In order to study the formation of the Solar System, the Japan Aerospace Exploration Agency launched the unmanned probe "Hayabusa" to reach the asteroid "Itokawa" and collect and return samples in 2003. Despite encountering major incidents such as severe damage, mechanical failure and loss of communication with the control centre, Hayabusa did not fail us. In 2010, its mission was brought to a successful conclusion by returning the collected asteroid samples back to Earth for the first time ever in human history.
Hayabusa's inspirational story attracted public attention and catalysed a follow-on mission called "Hayabusa2". Inheriting the goals and spirit from its predecessor, Hayabusa2 was sent to the asteroid "Ryugu" in 2014 to collect soil samples. These samples might contain water and organic matter, the essential ingredients of life, that could shed light on the origins of life on Earth.
In "HAYABUSA2~REBORN", we follow Hayabusa2 on its lone journey of 3.2 billion kilometres to confront with the more rugged than expected terrain of Ryugu. It was peppered with boulders and rocks several metres in diameter, and left no place for the probe to touch down. Could Hayabusa2 overcome the challenges and bring the samples back to Earth at last?
Launched on 3 December 2014, Hayabusa2 was on the mission to explore the asteroid "Ryugu". Having flown around the Sun for one year, Hyabusa2 passed near the Earth and used the latter's gravity to gain speed towards Ryugu.
On 27 June 2018, Hayabusa2 reached a distance of 20 kilometres from Ryugu.
In order to survey the terrain of Ryugu in more detail, two different types of mini-rovers were deployed. One of them was the "MIcro-Nano Experimental Robot Vehicle for the Asteroid (MINERVA-II)", which was able to move by hopping on the surface of Ryugu.
The second mini-rover deployed was the "Mobile Asteroid surface SCOuT (MASCOT)". It was equipped with four instruments— a hyperspectral infrared microscope (MicrOmega), a multispectral wide field camera (MASCAM), a magnetometer (MASMAG) and a radiometer (MARA). Both rovers indicated that the rugged terrain of Ryugu would make touchdown very difficult.
The cylinder extending from the front of Hayabusa2 was the sampler horn. It was designed to shoot projectiles down onto the surface of Ryugu and then collect the debris flying up from the explosion.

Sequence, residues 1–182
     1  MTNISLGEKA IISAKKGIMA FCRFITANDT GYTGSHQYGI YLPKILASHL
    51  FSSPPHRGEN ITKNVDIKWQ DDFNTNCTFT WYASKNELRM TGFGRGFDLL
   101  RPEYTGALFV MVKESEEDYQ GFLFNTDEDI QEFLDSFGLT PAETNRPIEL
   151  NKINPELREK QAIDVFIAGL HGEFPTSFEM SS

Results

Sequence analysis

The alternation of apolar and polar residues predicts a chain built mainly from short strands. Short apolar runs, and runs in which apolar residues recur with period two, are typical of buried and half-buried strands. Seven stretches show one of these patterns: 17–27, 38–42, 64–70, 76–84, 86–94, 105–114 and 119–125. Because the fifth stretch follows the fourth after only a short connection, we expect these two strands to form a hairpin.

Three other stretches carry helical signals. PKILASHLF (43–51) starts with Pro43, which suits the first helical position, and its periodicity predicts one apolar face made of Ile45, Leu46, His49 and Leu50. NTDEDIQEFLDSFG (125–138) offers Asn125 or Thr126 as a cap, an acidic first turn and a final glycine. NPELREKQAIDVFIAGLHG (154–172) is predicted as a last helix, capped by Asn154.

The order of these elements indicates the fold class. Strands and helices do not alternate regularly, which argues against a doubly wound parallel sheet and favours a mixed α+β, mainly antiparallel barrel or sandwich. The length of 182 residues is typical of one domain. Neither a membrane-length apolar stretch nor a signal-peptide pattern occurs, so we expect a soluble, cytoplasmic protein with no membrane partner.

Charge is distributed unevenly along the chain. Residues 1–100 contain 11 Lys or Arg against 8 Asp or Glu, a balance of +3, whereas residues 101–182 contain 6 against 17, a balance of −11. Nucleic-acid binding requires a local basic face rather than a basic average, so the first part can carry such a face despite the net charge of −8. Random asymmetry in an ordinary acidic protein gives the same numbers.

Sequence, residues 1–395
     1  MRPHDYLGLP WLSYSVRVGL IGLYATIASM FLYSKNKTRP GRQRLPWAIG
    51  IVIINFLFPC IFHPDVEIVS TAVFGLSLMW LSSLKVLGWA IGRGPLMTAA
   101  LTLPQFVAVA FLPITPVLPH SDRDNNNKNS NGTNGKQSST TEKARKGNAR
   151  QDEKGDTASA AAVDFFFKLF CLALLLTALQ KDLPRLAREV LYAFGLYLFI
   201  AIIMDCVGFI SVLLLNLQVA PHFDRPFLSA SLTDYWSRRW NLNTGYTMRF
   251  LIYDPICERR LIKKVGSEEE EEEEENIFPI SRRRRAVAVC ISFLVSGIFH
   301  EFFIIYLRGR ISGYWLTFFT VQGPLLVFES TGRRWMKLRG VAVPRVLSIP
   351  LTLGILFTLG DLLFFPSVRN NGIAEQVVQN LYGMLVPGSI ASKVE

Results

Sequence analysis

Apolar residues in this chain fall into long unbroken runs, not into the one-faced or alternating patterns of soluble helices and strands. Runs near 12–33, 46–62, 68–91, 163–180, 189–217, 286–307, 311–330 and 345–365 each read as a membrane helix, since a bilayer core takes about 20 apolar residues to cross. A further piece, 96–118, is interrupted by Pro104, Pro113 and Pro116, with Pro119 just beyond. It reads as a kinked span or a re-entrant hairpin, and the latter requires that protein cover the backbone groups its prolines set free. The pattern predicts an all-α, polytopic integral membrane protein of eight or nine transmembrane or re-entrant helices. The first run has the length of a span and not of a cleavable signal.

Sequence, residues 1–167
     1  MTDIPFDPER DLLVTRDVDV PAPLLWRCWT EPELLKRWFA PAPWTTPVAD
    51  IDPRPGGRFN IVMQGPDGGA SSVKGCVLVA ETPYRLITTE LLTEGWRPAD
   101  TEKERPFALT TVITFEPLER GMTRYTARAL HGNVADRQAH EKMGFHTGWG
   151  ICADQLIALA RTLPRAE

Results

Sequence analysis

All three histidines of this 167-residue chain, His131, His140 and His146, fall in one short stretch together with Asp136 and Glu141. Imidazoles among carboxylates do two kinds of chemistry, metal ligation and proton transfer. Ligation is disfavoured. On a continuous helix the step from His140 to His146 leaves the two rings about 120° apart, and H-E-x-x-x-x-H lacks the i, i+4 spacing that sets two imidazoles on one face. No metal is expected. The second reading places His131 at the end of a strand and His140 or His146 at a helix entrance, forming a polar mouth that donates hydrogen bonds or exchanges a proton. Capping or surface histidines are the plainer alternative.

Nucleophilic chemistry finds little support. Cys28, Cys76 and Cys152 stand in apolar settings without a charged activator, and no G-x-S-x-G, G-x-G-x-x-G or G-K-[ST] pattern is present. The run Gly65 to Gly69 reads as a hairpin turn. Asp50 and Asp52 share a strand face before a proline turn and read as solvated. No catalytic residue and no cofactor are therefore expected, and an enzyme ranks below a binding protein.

Since the sampler horn was about one metre long, touchdown was possible on an area where the surrounding rocks were all lower than this height. Were there any places on Ryugu that meet this criterion?
Hayabusa2 was confronted with the unexpectedly rough terrain of Ryugu to collect rock samples. To land, or not to land?
Production & Copyright: ©HAYABUSA2~REBORN Production Committee.
|Show:||Sky Show "HAYABUSA2~REBORN"|
|Show Period:||1 January 2022 to 12 January 2023|
|Show Schedule :|| |
5:00 pm on Monday, Wednesday, Thursday and Friday (except public holiday)
For more information on the show schedule of other shows, please refer to Space Theatre Show Schedule
|Place:||Space Theatre, Hong Kong Space Museum|
|Admission Fees:|| Standard Admission: $32 (stalls), $24 (front stalls) |
Concession Admission: $16 (stalls), $12 (front stalls)
|Show Duration:||44 minutes|
|Language:|| Sessions at 5:00 pm on Wednesday (except public holiday) and 8:00 pm on Sunday and public holiday are in English. All other sessions are in Cantonese. |
Audience can also select the following languages with the multi-channel headphone system:
Cantonese, Putonghua, English and Japanese
Please refer to "Ticketing Information"
|Seating plan:||Please refer to Space Theatre Seating Plan|
All programmes and prices are subject to change without prior notice.